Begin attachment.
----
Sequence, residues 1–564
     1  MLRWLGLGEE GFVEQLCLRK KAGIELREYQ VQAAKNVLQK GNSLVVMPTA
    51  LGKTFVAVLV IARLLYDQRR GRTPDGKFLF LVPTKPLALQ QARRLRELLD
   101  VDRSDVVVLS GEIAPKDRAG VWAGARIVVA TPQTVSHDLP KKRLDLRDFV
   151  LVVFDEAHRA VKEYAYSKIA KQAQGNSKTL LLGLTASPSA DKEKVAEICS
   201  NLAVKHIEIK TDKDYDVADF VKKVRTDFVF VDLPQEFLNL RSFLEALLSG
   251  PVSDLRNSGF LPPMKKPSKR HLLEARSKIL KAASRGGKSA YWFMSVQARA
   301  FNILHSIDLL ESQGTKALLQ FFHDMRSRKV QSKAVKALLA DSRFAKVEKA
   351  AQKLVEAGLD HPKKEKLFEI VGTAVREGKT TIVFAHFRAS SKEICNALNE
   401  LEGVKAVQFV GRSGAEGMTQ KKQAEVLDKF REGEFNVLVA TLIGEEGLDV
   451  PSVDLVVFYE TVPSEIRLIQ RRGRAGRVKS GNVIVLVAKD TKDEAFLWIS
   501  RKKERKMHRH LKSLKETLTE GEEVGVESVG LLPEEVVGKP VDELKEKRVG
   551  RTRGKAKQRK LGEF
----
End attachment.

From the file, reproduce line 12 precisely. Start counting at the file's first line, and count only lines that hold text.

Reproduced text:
   501  RKKERKMHRH LKSLKETLTE GEEVGVESVG LLPEEVVGKP VDELKEKRVG